How to Curse

cursingEvery teacher has a day. There is that one day during the week in which a teacher has a schedule loaded with torturous classes. If you are a friend, spouse, or flatmate of a teacher, you may have heard them refer to this day as their day. Perhaps, they call it their big day, their killer, or their Hell Day. They may just mumble a series of incoherent statements partitioned by sobs.

Wednesday’s my day.

No matter how conscientious the teacher, there comes a point when you want to curse at the top of your lungs. Often, in our fantasies – usually concocted while wiping the board – this curse is screamed while busting a chair across someone’s forehead.

But you can’t, because you’ll get in trouble. Moreover, students have an incredibly selective memory system. They will forget homework, they’ll forget a grammar rule, and they will forget with ease the twenty-seven times you mentioned a due date. Yet, they will eternally remember when you got something wrong and when you cursed.

Oh, I’ve let slip before. I’ve dropped a shit or a fuck under my breath, but as selective and keen as the students’ memory system is, their hearing is double that. They can hear a teacher curse from two hundred meters away at an outdoor carnival. During a rain storm. With Anthrax blaring.

Throughout a Wednesday, my day, I need to curse, because if I don’t, my face will explode like that bad French Archaeologist’s at the end of Raiders of the Lost Ark. However, cursing could get me in trouble. This is usually a quandary, but not this week. For I have learned how to curse.

“Can you do exercise one, please?” I stop and wait and then add, “I bet you have your mother’s ears, don’t you?”


“Do you have your mother’s ears? Your mother’s ears. Your mother’s ears.”

“I don’t…know.”

“Oh well. Let’s move on…”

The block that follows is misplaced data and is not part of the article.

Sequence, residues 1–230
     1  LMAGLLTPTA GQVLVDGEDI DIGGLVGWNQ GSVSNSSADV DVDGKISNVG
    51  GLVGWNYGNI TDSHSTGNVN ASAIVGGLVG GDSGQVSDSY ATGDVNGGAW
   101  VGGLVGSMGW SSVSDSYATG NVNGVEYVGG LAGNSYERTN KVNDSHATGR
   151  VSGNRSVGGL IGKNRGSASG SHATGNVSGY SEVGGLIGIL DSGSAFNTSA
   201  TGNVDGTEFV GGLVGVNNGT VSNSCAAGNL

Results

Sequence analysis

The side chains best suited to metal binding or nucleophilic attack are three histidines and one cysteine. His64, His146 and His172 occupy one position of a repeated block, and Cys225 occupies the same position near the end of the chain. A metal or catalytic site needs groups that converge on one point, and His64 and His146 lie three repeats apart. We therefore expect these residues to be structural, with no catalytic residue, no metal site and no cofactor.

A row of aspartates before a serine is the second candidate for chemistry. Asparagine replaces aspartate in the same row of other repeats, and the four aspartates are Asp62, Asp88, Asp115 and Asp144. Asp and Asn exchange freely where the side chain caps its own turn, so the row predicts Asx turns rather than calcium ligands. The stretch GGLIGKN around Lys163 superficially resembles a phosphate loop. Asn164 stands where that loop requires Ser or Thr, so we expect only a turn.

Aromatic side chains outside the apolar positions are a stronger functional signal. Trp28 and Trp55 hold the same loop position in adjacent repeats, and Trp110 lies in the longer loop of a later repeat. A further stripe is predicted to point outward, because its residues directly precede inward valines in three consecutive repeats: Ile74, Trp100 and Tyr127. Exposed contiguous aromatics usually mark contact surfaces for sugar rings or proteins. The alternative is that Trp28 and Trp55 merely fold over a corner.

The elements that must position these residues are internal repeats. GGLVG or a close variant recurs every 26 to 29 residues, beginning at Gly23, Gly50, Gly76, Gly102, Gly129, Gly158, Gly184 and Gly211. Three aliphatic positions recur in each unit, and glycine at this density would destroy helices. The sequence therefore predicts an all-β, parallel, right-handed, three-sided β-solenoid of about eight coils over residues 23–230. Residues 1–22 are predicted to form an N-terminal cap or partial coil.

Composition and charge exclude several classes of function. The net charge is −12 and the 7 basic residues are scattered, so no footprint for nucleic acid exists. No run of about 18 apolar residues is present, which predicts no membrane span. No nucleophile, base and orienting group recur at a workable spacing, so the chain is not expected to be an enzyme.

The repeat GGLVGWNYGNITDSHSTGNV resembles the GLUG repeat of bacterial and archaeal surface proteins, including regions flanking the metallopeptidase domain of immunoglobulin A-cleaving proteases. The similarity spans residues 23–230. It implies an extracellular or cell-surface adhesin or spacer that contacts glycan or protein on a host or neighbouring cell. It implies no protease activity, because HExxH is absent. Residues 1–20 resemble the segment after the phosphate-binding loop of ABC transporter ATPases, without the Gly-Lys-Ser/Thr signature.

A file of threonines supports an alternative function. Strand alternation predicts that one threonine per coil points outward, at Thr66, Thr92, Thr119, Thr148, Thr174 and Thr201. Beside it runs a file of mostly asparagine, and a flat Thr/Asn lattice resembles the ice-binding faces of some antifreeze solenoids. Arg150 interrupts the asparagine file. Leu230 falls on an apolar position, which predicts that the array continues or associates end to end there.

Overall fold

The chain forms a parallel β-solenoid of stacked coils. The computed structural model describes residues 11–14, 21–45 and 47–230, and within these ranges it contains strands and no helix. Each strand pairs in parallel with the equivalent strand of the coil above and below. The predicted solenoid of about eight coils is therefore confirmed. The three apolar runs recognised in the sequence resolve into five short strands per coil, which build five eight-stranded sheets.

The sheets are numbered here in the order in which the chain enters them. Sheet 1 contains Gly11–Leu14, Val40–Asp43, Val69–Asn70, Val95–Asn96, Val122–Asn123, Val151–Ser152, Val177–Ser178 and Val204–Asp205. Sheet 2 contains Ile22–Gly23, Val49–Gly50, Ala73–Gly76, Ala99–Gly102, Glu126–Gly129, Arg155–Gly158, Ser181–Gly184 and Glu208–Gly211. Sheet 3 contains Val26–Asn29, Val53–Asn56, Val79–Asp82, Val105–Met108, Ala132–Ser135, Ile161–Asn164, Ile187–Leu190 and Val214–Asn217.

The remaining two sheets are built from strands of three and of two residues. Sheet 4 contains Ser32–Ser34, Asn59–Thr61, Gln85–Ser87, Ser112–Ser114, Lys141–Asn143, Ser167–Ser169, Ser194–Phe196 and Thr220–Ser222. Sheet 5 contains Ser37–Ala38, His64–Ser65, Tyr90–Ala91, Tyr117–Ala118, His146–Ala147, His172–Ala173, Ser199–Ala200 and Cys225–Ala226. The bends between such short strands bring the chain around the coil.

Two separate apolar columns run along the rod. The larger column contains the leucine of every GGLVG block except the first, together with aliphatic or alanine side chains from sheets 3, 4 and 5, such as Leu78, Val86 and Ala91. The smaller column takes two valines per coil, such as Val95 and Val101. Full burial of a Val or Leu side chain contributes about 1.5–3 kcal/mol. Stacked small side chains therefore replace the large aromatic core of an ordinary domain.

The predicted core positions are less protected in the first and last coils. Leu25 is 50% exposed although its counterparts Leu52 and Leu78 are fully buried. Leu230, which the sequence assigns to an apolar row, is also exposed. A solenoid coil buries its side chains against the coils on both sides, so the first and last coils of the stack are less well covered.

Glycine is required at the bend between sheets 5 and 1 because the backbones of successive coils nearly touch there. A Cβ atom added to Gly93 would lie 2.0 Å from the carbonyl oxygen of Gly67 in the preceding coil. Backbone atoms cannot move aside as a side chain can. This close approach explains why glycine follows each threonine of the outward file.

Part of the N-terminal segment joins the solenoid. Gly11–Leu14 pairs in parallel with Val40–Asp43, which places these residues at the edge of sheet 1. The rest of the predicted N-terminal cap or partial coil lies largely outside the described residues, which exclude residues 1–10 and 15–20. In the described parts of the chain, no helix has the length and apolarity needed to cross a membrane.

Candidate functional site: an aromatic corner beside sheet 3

The confused student looks at me sideways, but probably chalks this up to another weird thing old people do. The class continues until another student begins picking my mental scabs.

“Were you in the restaurant last night?” I ask.

“I’m sorry?”

“Were you in the restaurant last night? In the restaurant?”

“Yes. How did you know?”

“Just a guess.”

Class ends and I release a breath. Boy did that feel good. I probably shouldn’t have said such controversial things in public, though.

I (at once) blame and owe it all to Bill Bryson, whose books constantly interest and amuse me. Bryson devotes an entire chapter to cursing in Mother Tongue, his brilliant book about the English language. This chapter is filled with interesting tidbits (originally titbits, morphed for reasons you can figure out) about the way people curse in English and in other languages.

Many languages have curses that seem absolutely ridiculous in English. For example, in Finnish, about the worst thing you can say is ravintolassa, which means in the restaurant. Yes, when stuck in bumper to bumper traffic outside of Helsinki, one doesn’t shout shit or fuck in Finnish, but rather, in the restaurant! I have no idea if this is a rude thing to say to another person, but it gave me a great deal of satisfaction to say this several times to someone who was irking me.

In the Xoxa tribe in South Africa, hlebeshako is about the angriest thing you can say to another person. Hlebeshako means, you guessed it, your mother’s ears. Honestly, I am warmed both by the fact that I said it to someone, and that that someone has since almost certainly sized up his mother’s ears and thought, “Do I have my mother’s ears?”


To be fair, Bryson mentions, English offers confusion as well. Imagine telling someone from Portugal that one of the harshest things you can say to someone in English is to get fucked. Well, can you think of activity more pleasant than doing just that? Me neither. We might as well yell Enjoy the film! or I love your shoes!

From Bryson I learned that the most intense epithets the Wik Monkan natives can shout are big penis, plenty urine, or vagina woman mad. Oddly enough, I think I sort of understand the third one. And that the Japanese and most Native Americans do not have native swear words, which led me to wonder what Admiral Yamamoto shouted after botching the Battle of Midway.

While reading this chapter, I realized that my approach to cursing was all wrong. I could rely on old-fashioned curses, but if I felt like shouting “fuck off” at my boss there would be unpleasant consequences. And these consequences would surely have me stretching the limits of my own language’s capacity for vulgarity.

The key is thinking outside the linguistic box and tapping into other languages’ ways of showing disdain or displeasure. This has the dual satisfaction of cursing someone out and not getting into any trouble.

My Wednesday ends without another curse in any language. I get on the tram droopy-eyed and ready for food and sleep. Traffic mounts as we head down the street and I hope we don’t get caught up in it. Because if we do, I am going to go vagina woman mad.

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